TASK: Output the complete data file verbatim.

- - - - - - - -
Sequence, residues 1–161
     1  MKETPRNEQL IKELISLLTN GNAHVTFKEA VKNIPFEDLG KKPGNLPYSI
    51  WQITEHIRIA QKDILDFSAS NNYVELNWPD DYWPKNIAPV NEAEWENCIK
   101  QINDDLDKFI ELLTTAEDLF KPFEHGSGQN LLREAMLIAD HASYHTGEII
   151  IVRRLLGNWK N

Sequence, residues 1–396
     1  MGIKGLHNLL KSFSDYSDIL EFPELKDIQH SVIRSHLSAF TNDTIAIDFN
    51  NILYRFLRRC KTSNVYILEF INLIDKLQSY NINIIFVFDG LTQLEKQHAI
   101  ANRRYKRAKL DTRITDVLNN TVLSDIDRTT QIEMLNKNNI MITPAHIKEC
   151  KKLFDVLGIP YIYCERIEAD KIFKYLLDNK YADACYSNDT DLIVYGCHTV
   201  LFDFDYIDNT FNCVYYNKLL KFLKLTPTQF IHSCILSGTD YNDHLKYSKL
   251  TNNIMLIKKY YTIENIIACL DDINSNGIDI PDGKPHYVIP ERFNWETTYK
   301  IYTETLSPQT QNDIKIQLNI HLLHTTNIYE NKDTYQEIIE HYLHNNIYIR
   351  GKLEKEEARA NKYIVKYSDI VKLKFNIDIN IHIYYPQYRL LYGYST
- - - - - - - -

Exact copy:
Sequence, residues 1–161
     1  MKETPRNEQL IKELISLLTN GNAHVTFKEA VKNIPFEDLG KKPGNLPYSI
    51  WQITEHIRIA QKDILDFSAS NNYVELNWPD DYWPKNIAPV NEAEWENCIK
   101  QINDDLDKFI ELLTTAEDLF KPFEHGSGQN LLREAMLIAD HASYHTGEII
   151  IVRRLLGNWK N

Sequence, residues 1–396
     1  MGIKGLHNLL KSFSDYSDIL EFPELKDIQH SVIRSHLSAF TNDTIAIDFN
    51  NILYRFLRRC KTSNVYILEF INLIDKLQSY NINIIFVFDG LTQLEKQHAI
   101  ANRRYKRAKL DTRITDVLNN TVLSDIDRTT QIEMLNKNNI MITPAHIKEC
   151  KKLFDVLGIP YIYCERIEAD KIFKYLLDNK YADACYSNDT DLIVYGCHTV
   201  LFDFDYIDNT FNCVYYNKLL KFLKLTPTQF IHSCILSGTD YNDHLKYSKL
   251  TNNIMLIKKY YTIENIIACL DDINSNGIDI PDGKPHYVIP ERFNWETTYK
   301  IYTETLSPQT QNDIKIQLNI HLLHTTNIYE NKDTYQEIIE HYLHNNIYIR
   351  GKLEKEEARA NKYIVKYSDI VKLKFNIDIN IHIYYPQYRL LYGYST